Chlamydial infection and pregnancy outcome - Tips from Other Journals

Date: Nov, 1990

Chlamydial Infection and Pregnancy Outcome Cervical infection with Chlamydia trachomatis has become widespread. Certain groups of pregnant women are at increased risk of chlamydial infection. These include women under age 20, single women, women, of low socioeconomic status and those who have had multiple sexual partners. Clinical studies have suggested that chlamydial infection in pregnancy is a risk factor for adverse pregnancy outcomes, such as premature rupture of the membranes, premature delivery and perinatal mortality. Cohen and associates reviewed the medical records of pregnant women with chlamydial infections and compared the pregnancy outcomes in these patients with the outcomes in women without infection.

A total of 244 women with chlamydial cervical infections successfully eradicated with erythromycin were compared with 79 women with chlamydial infections that did not respond to treatment and to 244 women without chlamydial infections. All of the women were at increased risk for chlamydial infection.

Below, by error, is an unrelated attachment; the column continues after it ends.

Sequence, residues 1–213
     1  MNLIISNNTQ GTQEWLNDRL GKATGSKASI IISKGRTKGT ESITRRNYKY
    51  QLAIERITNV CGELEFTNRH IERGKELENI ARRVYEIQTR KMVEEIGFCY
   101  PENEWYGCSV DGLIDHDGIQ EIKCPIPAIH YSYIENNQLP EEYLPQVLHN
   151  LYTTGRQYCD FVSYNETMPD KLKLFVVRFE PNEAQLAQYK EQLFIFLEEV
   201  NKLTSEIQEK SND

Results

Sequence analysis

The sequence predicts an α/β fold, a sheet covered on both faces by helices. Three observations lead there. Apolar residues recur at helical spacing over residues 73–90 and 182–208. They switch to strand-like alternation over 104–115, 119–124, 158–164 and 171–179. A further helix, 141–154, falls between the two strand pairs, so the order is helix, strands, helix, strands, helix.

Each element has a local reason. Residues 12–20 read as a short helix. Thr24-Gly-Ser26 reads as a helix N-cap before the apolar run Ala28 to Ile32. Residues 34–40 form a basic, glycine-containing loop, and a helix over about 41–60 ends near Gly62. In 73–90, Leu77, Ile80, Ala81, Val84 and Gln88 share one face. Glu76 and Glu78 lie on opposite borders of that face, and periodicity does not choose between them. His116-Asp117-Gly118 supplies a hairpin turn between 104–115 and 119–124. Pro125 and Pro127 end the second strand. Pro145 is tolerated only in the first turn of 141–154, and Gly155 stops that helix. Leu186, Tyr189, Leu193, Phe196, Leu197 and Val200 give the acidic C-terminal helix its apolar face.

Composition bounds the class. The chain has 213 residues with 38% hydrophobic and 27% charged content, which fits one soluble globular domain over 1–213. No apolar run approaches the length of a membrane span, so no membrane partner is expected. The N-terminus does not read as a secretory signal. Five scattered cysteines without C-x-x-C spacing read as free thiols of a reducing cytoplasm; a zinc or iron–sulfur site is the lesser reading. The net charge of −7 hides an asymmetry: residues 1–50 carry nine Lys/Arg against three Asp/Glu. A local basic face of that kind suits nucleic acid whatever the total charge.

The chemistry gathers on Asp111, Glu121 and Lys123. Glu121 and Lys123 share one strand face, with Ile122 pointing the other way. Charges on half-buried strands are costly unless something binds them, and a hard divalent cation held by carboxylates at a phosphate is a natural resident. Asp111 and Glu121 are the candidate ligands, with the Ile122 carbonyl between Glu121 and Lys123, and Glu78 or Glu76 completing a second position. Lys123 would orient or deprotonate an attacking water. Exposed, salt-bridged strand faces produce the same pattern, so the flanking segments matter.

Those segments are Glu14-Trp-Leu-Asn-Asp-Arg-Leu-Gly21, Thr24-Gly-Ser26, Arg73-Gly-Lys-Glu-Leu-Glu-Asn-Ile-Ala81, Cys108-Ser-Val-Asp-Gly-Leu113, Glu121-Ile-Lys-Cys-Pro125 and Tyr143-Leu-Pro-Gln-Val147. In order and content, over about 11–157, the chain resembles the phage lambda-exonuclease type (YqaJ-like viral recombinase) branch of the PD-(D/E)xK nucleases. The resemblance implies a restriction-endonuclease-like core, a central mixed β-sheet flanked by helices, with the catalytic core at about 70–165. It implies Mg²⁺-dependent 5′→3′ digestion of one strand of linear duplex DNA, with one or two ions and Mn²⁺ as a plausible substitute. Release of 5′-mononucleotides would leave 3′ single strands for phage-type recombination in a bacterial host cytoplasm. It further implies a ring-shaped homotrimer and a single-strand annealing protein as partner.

Significantly lower occurrences of premature rupture of membranes, premature contractions and small-for-gestational-age infants were found in the successfully treated patients, as compared with the incidence in women who did not respond to treatment. No significant differences were found between the successfully treated women and the uninfected women.

The data indicate that in high-risk pregnant patients, repeated prenatal testing for chlamydial infection and successful treatment with erythromycin can significantly reduce specific adverse events in pregnancy. (JAMA, June 20, 1990, vol. 263, p. 3160.)

COPYRIGHT 1990 American Academy of Family PhysiciansCOPYRIGHT 2004 Gale Group

 
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